While I became addicted to Marc Cameron’s other series, this one surely has grown on me after two books. Taking the action to rural Alaska had me hooked from the early going and I am looking forward to learning more with additional books. Arliss Cutter is back as a strong protagonist, working as best he can in the somewhat isolation of Alaska, far away from his native Florida. As well as being a stellar US Marshal, Cutter has a military past that he chooses to lock away, much like his idol, a grandfather whose work ethic drives him to be the best he can. Compassionate but slow to show it, Cutter finds ways to keep himself involved in both work and family life, without becoming too ensconced in either. His drive and ability to cut through the erroneous makes for a highly intriguing character that many will enjoy. Others, both returnees and new faces, help to support this book, which surely offers much for the open-minded reader. There is a strong sense of community found in some of the Stone Cross locals, which helps support the plot and ever-advancing narrative throughout. The story was strong and while not entirely unique, the setting makes it a story that will stand out for many. Poverty in remote communities is one thing, but with crime and limited resources, the reader is forced to see how things can be done on a shoe-string budget. Cameron conveys this effectively, while also pulling the reader in for more throughout this impactful piece. I learned a great deal throughout and hope Cameron will work at building this series, which has begun to rival his other work in its intensity.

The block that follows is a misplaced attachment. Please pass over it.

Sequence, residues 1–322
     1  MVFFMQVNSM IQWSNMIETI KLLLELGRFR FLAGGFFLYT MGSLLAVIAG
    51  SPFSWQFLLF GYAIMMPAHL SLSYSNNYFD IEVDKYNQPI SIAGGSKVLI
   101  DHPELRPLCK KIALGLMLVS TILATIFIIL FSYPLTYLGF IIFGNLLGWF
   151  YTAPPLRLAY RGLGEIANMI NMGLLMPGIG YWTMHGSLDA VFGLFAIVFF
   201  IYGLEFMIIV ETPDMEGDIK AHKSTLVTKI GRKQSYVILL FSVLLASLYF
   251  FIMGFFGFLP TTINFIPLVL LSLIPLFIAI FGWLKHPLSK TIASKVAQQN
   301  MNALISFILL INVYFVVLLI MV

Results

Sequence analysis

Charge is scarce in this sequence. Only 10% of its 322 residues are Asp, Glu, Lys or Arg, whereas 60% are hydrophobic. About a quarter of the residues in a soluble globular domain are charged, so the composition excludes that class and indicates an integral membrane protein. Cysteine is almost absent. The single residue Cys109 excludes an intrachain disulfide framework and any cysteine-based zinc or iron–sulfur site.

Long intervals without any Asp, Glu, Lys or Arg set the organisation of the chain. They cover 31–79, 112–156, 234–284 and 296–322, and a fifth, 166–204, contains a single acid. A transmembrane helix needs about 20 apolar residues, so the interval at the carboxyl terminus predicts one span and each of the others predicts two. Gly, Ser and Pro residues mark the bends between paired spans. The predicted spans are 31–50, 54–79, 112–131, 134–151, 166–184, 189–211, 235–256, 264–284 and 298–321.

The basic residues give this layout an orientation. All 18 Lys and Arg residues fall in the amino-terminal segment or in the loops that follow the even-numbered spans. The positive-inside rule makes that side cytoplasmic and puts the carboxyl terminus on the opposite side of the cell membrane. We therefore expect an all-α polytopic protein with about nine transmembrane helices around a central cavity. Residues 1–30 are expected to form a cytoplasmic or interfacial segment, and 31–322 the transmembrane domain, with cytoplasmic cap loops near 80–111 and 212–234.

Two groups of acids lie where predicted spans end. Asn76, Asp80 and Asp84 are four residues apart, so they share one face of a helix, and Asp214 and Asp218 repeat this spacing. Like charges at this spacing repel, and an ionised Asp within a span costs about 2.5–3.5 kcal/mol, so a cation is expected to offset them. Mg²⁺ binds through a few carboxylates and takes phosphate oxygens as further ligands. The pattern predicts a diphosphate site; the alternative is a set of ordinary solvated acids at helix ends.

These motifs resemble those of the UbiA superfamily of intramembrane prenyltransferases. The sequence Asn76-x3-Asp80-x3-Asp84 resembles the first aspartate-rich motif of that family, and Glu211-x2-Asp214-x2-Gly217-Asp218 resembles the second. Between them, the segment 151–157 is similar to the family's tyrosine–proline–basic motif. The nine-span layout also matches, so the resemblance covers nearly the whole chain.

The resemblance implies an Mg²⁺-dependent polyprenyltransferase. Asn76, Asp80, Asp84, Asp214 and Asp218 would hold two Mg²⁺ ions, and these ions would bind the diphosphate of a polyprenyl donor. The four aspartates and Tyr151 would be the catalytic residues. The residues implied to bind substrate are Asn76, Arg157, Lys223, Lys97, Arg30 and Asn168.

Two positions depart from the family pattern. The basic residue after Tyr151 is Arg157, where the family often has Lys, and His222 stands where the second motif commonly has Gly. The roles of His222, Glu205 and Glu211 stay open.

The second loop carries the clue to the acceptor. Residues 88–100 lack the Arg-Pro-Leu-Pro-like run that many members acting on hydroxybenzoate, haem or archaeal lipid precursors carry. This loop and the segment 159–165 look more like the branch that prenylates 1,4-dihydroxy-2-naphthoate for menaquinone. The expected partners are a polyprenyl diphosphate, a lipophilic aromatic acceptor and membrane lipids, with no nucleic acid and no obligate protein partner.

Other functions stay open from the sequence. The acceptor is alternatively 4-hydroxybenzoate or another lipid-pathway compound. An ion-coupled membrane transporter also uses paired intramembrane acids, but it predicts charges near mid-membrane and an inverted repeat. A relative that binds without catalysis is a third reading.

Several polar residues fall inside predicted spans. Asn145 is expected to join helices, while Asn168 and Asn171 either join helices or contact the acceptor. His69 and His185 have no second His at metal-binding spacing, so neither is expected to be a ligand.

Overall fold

Kudos, Mr. Cameron, for another winner. I cannot wait to see what else you come up with soon!

A Book for All Seasons, a different sort of Book Challenge: https://www.goodreads.com/group/show/248185-a-book-for-all-seasons

Active Measures (Jericho Quinn #8), by Marc Cameron

Eight stars

Marc Cameron returns with another novel in the Jericho Quinn series, sure to impress those who have followed from the beginning, as well and new and curious readers. Mixing some new locales and an interesting thrill angle, Cameron succeeds again at impressing his reading core. When a family of Cuban nationals arrives in South Florida, they come with a dire warning about an imminent attack geared towards the United States. Jericho Quinn receives word of this and agrees to make his way down to see what’s going on. A secret operative for Homeland Security, Quinn gathers his usual crew, only to discover that his Florida contact has been murdered. Quinn realises that they will have to sneak into Cuba to see the extent of the threat. This will allow Veronica ‘Ronnie’ Garcia to return to her place of birth and contact some family members, while also helping diffuse any situation. While Quinn seeks to do some reconnaissance work, Ronnie visits her aunt, only to discover that she has a half-sister about whom she knew nothing. While this shock resonates, she tries to learn a little more about the threat that had them visit this communist country. Jericho appears hard pressed to learn about what’s going on, finding himself on the wrong side of Cuban law when his undercover situation is blown. Quinn is held in a Cuban prison and treated to their ‘best’ antics, which is sure to make any incarceration in American seem like a five star hotel. Meanwhile, a ruthless Cuban general has plans to resurrect Cuba’s strength in the region and goes to far lengths to ensure the annihilation of America, in Castro’s honour. With Quinn being used as a human punching bag and Ronnie questioning what other secrets her parents kept from her, the future of America hangs in the balance. There is no time to ask questions, all while doing this under the radar, with the world oblivious. Marc Cameron showcases some wonderful new ideas in this series that remains top of its game. Recommended to those who have long enjoyed Jericho Quinn’s adventures, as well as the reader who enjoys new angles in the thriller genre.